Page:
In the short term, however, the former police headquarters will be used for municipal court and local probation services.
Also included in the public properties portion of the master plan are the areas around the Church Street Bridge and Fountain Park.
For the bridge, recommendations included improved lighting and sidewalks, which are on the project list for the 2013-2017 Cartersville Short Term Work Program using Special Purpose Local Option Sales Tax funds. Fountain Park should be included in the pedestrian feel of Friendship Plaza, according to the plan.
By having the master plan in place, the city hopes to reduce barriers to development and coordinate efforts to improve the city’s downtown area.
“City and DDA leaders are encouraged to review various tools and powers to encourage private investment downtown. By having an adopted Downtown Master Plan, the city of Cartersville or Downtown Development Authority may be eligible for additional grants or other funding sources. Any program or incentive would be reviewed by the city attorney and would need to be approved by council,” Osborne said. “The plan encourages leaders to review all potential means to reduce barriers to development. Successful implementation depends on cooperative efforts between downtown merchants and property owners, local leaders and citizens. By having a plan in place for 2024, interested community leaders, merchants, property owners and residents can hopefully work in coordination toward improving downtown Cartersville.”
The draft covers a number of other areas, such as the Downtown Development Authority, linking LakePoint to downtown, general areas of recommendation, the arts and expanding the downtown business district.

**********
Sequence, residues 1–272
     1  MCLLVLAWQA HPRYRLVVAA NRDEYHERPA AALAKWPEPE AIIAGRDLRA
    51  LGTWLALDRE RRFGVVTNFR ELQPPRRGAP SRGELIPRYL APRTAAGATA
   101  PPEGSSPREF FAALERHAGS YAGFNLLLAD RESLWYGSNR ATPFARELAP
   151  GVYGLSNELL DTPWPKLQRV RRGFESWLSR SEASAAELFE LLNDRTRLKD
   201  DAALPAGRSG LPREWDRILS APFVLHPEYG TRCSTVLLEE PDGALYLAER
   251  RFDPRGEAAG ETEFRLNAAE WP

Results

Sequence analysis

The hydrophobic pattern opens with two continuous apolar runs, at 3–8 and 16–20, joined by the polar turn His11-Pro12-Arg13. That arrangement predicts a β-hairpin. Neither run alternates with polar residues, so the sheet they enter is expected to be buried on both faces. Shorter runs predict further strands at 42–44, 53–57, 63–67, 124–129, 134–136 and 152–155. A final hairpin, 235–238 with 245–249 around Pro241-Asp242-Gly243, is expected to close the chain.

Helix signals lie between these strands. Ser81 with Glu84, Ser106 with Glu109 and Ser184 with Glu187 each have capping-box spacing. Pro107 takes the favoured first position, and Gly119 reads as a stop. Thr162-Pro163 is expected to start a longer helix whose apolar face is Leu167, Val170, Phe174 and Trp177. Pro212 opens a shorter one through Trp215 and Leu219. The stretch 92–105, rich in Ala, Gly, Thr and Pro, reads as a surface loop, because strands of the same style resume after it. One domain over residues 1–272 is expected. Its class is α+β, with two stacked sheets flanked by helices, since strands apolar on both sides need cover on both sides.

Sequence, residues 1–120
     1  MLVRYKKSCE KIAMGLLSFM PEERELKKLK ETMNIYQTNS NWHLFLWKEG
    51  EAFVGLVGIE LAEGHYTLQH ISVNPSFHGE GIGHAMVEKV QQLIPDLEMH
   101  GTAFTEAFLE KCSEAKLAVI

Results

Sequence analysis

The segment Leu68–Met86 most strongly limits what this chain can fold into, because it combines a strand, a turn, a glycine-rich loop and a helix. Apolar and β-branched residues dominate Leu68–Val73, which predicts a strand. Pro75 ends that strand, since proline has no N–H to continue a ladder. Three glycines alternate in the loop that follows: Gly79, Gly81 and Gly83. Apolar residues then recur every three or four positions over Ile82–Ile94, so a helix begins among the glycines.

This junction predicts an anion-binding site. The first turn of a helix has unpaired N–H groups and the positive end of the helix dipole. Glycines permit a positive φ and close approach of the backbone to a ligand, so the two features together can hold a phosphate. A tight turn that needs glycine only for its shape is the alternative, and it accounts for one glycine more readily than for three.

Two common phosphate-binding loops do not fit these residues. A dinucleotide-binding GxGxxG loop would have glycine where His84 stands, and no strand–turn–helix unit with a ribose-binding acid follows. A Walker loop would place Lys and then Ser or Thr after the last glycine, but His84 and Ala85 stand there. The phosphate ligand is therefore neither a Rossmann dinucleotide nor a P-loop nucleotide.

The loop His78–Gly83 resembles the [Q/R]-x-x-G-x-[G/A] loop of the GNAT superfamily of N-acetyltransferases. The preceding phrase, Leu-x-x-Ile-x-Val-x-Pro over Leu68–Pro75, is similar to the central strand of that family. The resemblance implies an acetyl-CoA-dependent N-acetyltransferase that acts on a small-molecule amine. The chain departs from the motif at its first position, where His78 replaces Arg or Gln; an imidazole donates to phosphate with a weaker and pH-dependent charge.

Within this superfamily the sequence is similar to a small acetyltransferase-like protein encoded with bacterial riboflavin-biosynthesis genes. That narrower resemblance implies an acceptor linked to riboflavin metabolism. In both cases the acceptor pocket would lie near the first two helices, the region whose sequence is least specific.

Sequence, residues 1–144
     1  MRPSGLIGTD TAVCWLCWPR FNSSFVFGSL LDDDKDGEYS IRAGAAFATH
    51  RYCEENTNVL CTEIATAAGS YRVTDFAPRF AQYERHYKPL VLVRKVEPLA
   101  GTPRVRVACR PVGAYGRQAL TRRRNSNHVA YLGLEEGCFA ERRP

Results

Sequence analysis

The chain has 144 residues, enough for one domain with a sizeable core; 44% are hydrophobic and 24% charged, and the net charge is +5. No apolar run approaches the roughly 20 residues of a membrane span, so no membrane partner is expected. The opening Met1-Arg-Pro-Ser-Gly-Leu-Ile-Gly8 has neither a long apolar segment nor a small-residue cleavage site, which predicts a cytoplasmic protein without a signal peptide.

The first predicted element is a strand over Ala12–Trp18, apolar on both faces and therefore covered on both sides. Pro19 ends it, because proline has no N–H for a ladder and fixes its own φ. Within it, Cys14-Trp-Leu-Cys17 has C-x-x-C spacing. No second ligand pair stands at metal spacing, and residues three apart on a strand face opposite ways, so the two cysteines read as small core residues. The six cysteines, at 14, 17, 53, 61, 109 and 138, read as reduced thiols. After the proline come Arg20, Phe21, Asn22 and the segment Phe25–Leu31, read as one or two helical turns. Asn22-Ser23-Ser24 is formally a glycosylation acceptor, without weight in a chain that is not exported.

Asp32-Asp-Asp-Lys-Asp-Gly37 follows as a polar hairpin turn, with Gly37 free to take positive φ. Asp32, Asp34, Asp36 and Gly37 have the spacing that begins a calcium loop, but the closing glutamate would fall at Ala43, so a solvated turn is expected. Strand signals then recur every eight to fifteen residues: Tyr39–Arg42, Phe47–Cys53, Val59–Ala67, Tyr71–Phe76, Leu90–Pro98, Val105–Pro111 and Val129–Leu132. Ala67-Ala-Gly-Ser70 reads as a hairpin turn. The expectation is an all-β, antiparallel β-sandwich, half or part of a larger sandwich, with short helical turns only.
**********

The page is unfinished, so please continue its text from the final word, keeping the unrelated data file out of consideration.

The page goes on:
Despite a 2024 date, the plan builds the foundation for future developments and growth.
“... The goal of creating the plan was, based on stakeholder input, to determine priority revitalization projects for downtown,” Osborne said. “Between now and 2024, city and DDA leaders will determine the specific projects on the list of recommendations that should be completed sooner rather than later.”
“Since 1990, Bartow County has nearly doubled — total 2013 county population is just over 100,000 and Cartersville has approximately 20,000 residents. In the 2000s, community leaders, downtown merchants and property owners have renovated structures, improved infrastructure and opened businesses catering to after-hours demands,” he added. “... Much of what the city of Cartersville is today, and will be in the future, is based on a firm foundation. It is essential that city and Downtown Development Authority leaders plan for ways to continually improve downtown so that it remains the thriving center of the community.”
The draft of the plan will be presented to DDA board members later this month. Two stakeholders meetings also will be held in August to discuss the draft. Osborne said the document will be presented to Cartersville Mayor Matt Santini and the city council in the fall, with the final plan to be adopted by the council before the end of the year.
For more information, comment or questions, call Osborne at 770-387-5614.